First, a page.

Not-so-fun fact: Medicare – the primary health care insurance plan for people 65+ in the U.S. – does NOT cover the vast majority of long-term care services in homes and communities. Medicaid does, but it has limited eligibility, leaving most people without long-term care coverage.
- When Dario has a stroke and resulting dementia, his family are surprised to discover that his medical insurance doesn’t cover the long-term care he will require. Finding another way to pay for his care is going to be a full-family effort.
- Eli’s sister Joyelle is aging. They want to bring on a home health aide, but her health care coverage only pays for facility-based care, and Joyelle does not want to leave her home and neighbors. Especially because she finally got to pick the book for Book Club this month! She’s making everyone read Brand Taylor’s Filthy Animals – deal with it!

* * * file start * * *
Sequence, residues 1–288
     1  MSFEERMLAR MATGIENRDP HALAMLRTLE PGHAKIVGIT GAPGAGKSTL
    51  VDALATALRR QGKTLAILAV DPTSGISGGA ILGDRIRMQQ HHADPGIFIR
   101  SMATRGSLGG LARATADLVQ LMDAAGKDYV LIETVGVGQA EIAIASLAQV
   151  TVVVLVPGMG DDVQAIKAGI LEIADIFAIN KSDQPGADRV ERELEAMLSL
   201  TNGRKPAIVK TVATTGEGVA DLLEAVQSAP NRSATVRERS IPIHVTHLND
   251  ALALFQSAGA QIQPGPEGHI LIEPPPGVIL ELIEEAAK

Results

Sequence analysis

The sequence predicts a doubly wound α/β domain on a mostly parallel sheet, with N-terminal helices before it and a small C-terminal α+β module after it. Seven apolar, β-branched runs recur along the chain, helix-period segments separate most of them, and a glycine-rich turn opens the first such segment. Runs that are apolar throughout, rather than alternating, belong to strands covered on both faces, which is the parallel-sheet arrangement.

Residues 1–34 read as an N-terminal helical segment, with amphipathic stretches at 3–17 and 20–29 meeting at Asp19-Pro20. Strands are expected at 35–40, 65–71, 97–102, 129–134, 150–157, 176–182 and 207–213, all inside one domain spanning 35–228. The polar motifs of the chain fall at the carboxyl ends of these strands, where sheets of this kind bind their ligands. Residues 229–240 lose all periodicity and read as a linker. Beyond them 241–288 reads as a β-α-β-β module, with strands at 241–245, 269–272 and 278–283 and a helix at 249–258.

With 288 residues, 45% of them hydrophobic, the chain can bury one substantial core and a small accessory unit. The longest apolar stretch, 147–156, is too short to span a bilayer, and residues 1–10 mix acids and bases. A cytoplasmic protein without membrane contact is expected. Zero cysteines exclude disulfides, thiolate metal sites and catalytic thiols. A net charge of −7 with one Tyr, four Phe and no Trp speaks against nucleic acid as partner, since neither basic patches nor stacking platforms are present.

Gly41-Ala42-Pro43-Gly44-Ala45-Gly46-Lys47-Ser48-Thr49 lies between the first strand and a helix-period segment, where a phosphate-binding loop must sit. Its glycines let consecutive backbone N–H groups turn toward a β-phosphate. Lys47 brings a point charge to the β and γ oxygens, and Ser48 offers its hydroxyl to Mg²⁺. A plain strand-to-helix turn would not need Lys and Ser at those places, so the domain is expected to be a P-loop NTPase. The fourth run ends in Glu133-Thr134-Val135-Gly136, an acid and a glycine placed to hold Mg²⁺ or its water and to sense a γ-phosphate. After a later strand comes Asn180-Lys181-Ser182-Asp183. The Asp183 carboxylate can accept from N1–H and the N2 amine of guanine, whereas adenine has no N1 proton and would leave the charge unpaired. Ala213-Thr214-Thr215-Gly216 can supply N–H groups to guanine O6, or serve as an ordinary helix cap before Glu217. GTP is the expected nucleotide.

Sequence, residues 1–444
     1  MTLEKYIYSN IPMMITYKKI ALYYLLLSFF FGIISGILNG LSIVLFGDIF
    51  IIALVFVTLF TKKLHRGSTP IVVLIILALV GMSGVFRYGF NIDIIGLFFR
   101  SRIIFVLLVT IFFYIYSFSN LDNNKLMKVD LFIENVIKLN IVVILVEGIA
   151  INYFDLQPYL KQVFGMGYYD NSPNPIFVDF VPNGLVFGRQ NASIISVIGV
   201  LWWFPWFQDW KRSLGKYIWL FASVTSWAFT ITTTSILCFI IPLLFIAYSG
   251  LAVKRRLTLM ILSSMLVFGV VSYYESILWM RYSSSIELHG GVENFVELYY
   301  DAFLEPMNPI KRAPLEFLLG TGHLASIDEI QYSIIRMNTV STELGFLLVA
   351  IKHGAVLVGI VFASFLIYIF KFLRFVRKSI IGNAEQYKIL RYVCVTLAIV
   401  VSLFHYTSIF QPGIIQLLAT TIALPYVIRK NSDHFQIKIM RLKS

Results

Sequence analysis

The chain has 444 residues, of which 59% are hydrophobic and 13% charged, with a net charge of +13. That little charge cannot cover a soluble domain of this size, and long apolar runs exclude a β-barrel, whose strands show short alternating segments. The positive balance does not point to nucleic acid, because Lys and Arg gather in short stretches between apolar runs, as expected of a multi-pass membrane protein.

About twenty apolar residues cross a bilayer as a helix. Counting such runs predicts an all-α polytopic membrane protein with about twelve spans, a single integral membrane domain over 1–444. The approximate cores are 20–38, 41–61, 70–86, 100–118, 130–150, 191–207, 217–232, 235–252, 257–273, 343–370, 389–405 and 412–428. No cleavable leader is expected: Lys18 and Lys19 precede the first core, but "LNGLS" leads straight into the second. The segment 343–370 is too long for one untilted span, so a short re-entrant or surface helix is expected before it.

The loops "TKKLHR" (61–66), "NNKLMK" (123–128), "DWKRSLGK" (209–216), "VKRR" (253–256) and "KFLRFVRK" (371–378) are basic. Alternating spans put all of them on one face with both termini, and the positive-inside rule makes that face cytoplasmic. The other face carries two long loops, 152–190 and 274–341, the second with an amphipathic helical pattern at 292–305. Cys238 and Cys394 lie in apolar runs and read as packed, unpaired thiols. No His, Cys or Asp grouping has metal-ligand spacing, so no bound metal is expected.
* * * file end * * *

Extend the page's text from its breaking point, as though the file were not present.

- Indra and Hasim’s young child Karthik has a developmental disability and needs occupational and speech therapy. Even with medical insurance, the co-pays are a lot, but their family’s income is too high to benefit from public programs that could help cover the cost. Now they’ve got to fight a broken system in addition to fighting Karthik’s obsession with his Nintendo Switch.
Many people only discover the above ^^ after a crisis hits. <Dramatic Sting> There’s the end of the first act right there…or maybe it’s a midpoint, but it’s definitely not all is lost because there is more story. Stories on screen can help raise awareness about all the ways people might not be covered for their care needs. And when we’ve solved that, it can give your characters – and all of us – a Hollywood ending.
A quick note: scenarios described here are generalized from information that Caring Across Generations has collected through focus groups, polling, and other research. They are generalized scenarios and are not any one individual’s story, and they are not meant to be comprehensive of all experiences having to do with care. This resource is intended to illuminate new storytelling opportunities that also contribute to a more authentic and holistic representation of care on screen.